Dental Bib Chains are Potential Source for Infection

Wet, used towels left in the gym. Dirty tissues discarded by someone suffering from a nasty cold. A toothbrush discovered in a hotel room.

Most of us would never use or even touch these items. But without knowing it, we may be sharing something that could be just as disgusting and potentially dangerous. When we visit a dental office and a bib chain that is not sterilized between patients is placed around our neck, we may be unwittingly exposed to pseudomonas, E. coli and S. aureus—the most common cause of staph infections and a potential “superbug.”

Noel Kelsch, a national infection control columnist, Registered Dental Hygienist and former President of the California Dental Hygienists’ Association, conducted a study on various types of dental chains and clips after seeing debris falling from a chain she had planned to use to protect her uniform at lunch. What she found led her to pen a column titled “Don’t Clip that Crud on Me” for RDH Magazine.

“The more crevices and indentations on a clip or a chain, the higher the contaminant count,” she said.

As expected, disposable clips and holders opened fresh for each patient were free from contaminants and posed no cross-contamination threats.

“As an advocate for patient safety within our profession, I think it’s very important to take whatever steps we can to eliminate sources of potential harm for our patients,” she said.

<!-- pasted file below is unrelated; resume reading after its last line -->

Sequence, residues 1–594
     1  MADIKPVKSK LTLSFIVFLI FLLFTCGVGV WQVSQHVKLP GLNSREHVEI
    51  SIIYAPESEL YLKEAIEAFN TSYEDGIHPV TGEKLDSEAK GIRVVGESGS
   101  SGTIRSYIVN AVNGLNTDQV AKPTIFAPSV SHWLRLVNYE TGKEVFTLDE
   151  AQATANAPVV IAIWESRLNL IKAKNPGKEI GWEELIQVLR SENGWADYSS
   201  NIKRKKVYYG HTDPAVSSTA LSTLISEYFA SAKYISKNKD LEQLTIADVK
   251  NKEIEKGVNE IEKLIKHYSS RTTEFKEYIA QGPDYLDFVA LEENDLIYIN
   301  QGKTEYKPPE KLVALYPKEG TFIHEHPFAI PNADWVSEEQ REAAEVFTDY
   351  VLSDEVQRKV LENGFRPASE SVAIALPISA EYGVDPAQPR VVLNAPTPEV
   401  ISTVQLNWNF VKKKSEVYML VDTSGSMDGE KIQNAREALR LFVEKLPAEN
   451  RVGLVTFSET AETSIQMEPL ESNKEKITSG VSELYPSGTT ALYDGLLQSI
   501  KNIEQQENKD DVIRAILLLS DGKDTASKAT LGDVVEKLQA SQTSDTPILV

Her findings echoed a study conducted by the University of North Carolina at Chapel Hill’s School of Dentistry Oral Microbiology Lab that found bib chains and clips are potential sources of contamination. In sampling 50 bib clips from various hygiene and dental operations, researchers discovered one in five bib clips were contaminated with “significant microorganisms,” according to Dental Health Magazine.

In a supplement to the March 2011 issue of Dimensions of Dental Hygiene titled “Infection Control Update,” Dr. John Molinari, an international expert in the areas of infection control and infectious disease in dentistry, referenced a study he conducted that looked at the presence and composition of bacterial contaminants on patient bib chains before and after patient care appointments. His results showed that microbial contamination was present on both metal and coiled plastic bib chains after use during patient care, with the highest bacteria levels found on bib chains that were not cleaned between patient uses.

“Society is putting an emphasis on healthier living,” Kelsch said. “We’re seeing an increased awareness of infection control and disease prevention everywhere we look. Grocery stores provide hand sanitizer or disinfectant wipes for cart handles; health clubs provide disinfectant sprays so you can clean up equipment after you’ve used it. If you take the trouble to do those things—then one simple solution to protect yourself from dirty bib chains is to insist on disposable bib holders.”

In addition to providing patients with a safer dental visit, Kelsch notes that disposable dental bib holders are critical tools in the fight against the creation of more “superbugs.”

“If the infection route—dirty dental chains—is destroyed, the infection is not spread,” she said. “No infection means no antibiotics, and the improper use of antibiotics is what contributes to the creation of superbugs.”